People and the state could look to make savings in the coming years



The Estonian economy will grow by 3.3% this year and 2.1% next. Growth in the economy will slow as export markets are weaker than before and there are still shortages of labour in Estonia. Wages will continue to rise despite the slower economic growth, but they will do so at a lower rate. Rising wages and low unemployment mean that intake of tax revenues for the state will be good, and so the budget should be in surplus to support the economy if needed during harder times.

The cooling in the economy will be seen in the labour market indicators. As demand for the output of companies will grow in future at a slower rate both in Estonia and in Estonia’s main export markets, businesses have shown less desire to take on new employees than last year. The number in employment will remain at the same level and wage growth will slow from 8.1% this year to 5.2% by 2021. As incomes rise fast, people would do well to continue saving as they have been so far.

As there is little unoccupied labour available in Estonia, employers have been active in hiring from abroad. The amount foreign workers contributed is estimated at up to 1.3 percentage points of last year’s GDP growth of 3.9%. Workers from abroad have been employed most in construction, agriculture and manufacturing in recent years. The hiring of foreign labour has both boosted economic growth and slowed the growth in wages. Rapidly rising wages have been a headache for exporting companies, as higher labour costs make it harder for them to compete in foreign markets.

Inflation will fall in Estonia from 3.4% last year to 2.1% in 2021. It will mainly be driven by rising labour costs, while the fall in energy prices and the reduced impact of alcohol excise will apply the brakes.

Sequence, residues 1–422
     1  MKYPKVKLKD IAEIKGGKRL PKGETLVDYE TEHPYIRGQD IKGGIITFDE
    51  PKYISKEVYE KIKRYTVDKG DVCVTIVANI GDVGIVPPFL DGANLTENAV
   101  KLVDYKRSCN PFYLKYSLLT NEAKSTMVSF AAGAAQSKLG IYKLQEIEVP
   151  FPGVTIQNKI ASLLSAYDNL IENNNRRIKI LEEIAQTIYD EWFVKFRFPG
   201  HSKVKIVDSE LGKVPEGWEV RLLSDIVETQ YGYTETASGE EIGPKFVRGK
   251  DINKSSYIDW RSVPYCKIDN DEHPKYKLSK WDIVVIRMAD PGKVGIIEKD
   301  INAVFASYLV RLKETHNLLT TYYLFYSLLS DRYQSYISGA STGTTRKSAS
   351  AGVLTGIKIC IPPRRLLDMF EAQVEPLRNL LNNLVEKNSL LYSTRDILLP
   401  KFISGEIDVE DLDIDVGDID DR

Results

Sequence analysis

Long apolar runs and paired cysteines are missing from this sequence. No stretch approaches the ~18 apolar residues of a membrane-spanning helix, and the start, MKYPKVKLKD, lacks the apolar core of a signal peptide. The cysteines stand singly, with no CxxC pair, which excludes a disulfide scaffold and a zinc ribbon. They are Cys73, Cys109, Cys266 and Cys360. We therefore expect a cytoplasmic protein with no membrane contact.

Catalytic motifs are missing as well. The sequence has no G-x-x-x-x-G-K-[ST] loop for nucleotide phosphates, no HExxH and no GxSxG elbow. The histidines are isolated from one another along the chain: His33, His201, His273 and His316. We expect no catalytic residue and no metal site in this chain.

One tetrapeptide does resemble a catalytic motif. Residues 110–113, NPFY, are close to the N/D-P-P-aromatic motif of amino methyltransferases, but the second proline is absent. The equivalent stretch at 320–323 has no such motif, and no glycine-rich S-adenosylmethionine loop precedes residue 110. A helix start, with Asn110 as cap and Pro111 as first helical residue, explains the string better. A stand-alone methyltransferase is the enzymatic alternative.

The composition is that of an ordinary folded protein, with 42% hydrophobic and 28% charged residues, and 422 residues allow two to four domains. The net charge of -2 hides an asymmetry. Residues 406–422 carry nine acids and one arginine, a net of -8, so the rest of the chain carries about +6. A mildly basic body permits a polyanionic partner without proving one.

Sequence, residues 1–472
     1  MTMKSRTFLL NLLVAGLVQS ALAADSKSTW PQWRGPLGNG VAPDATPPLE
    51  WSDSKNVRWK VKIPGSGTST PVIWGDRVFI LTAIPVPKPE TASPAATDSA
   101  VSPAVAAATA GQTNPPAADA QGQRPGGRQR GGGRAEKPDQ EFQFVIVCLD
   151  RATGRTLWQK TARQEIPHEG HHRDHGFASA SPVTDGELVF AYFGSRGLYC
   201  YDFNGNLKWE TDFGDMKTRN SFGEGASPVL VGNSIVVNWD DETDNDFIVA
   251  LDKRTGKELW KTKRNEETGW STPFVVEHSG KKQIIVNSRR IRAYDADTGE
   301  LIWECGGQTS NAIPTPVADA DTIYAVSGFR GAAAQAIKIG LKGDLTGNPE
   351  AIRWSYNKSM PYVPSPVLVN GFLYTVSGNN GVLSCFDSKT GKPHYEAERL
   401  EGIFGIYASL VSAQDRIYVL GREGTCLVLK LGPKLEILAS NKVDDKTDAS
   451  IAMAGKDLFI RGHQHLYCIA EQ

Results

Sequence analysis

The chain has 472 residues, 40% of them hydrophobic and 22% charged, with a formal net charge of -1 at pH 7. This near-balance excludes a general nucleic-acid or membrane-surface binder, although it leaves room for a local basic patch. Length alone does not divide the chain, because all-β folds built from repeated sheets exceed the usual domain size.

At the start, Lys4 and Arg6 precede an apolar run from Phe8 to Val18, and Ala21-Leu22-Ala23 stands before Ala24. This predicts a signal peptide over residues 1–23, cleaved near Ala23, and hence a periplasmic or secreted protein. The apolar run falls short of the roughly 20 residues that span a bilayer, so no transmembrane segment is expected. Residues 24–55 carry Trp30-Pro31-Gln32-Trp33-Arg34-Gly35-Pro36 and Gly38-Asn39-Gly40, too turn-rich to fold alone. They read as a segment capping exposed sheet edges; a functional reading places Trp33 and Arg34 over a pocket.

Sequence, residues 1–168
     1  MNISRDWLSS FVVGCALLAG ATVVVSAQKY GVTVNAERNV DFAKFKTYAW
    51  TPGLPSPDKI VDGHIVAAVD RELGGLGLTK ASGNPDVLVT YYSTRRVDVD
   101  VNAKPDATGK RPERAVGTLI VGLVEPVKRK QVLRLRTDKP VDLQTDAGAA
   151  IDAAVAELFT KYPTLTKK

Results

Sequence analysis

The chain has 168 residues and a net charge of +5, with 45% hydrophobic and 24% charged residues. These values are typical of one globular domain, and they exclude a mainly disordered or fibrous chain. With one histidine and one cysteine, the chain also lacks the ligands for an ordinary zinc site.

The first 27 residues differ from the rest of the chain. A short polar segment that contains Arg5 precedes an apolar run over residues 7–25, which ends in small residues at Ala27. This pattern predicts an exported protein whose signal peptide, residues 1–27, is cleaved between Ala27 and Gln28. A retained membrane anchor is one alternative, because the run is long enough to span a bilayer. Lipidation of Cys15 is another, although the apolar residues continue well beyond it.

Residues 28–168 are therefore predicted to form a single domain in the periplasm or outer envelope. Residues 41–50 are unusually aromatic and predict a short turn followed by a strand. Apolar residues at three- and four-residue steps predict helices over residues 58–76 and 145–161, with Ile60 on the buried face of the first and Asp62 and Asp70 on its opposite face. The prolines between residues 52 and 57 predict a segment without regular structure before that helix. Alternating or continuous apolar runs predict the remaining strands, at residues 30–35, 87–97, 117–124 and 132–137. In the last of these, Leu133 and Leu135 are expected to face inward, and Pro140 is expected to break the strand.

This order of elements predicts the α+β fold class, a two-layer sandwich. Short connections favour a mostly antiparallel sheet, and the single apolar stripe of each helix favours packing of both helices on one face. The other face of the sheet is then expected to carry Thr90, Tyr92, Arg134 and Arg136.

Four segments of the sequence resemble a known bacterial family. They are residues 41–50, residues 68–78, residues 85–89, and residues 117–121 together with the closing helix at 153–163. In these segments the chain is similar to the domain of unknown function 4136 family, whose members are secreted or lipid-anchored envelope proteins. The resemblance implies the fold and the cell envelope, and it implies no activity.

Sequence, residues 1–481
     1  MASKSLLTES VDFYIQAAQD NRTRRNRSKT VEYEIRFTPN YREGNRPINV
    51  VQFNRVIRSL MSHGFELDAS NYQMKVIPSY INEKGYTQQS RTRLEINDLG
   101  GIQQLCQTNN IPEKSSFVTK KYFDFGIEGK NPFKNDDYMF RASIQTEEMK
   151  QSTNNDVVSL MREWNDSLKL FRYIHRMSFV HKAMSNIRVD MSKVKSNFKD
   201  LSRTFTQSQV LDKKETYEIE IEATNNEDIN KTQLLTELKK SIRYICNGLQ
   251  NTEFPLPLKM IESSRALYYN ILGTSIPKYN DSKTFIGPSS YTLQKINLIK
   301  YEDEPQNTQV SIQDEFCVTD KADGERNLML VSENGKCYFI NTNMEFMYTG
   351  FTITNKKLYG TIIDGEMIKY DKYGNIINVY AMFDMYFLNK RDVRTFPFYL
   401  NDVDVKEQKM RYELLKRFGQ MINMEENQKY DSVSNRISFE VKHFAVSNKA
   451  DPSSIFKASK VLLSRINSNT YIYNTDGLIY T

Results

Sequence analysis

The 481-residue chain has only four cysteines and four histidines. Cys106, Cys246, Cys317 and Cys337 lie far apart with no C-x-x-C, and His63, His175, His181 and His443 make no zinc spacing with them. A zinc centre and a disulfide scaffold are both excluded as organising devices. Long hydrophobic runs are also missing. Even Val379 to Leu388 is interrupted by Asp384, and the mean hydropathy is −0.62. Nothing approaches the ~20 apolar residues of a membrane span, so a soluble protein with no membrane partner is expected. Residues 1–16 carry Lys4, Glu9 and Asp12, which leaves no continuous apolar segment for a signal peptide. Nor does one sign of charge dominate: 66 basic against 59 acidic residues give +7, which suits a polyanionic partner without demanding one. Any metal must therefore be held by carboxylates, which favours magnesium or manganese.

As the Estonian economy continues to do well, tax revenues will be higher than usual in the years ahead. Unemployment is extraordinarily low by its usual standards and wage growth is consequently very fast. Despite growth slowing in the economy, unemployment will remain very low in the coming years and there will be more workers than ever before. This will encourage people to consume, which will temporarily increase the state’s tax revenues. In this case it would be appropriate for the government to run a budget surplus for the coming years. A budget surplus in the coming years would not require spending cuts, just that spending grow more slowly than revenues.

A responsible fiscal policy of keeping the budget in surplus in good times and supporting the economy in bad times by running a deficit would soften any rise in unemployment at times of economic difficulties and would support stable growth in the incomes of people in Estonia. If a budget deficit is used during the current good times to fund additional spending, the government will be encouraging inflation and will make businesses want to hire more labour from abroad. Growth in the economy would be slowed though by a reduction in competitiveness, and this would hurt the growth in people’s incomes.


Estonian Economy and Monetary Policy 2/2019



For further information:
Eva Vahur
Public Relations Office
Eesti Pank
668 0965, 5330 0619
[email protected]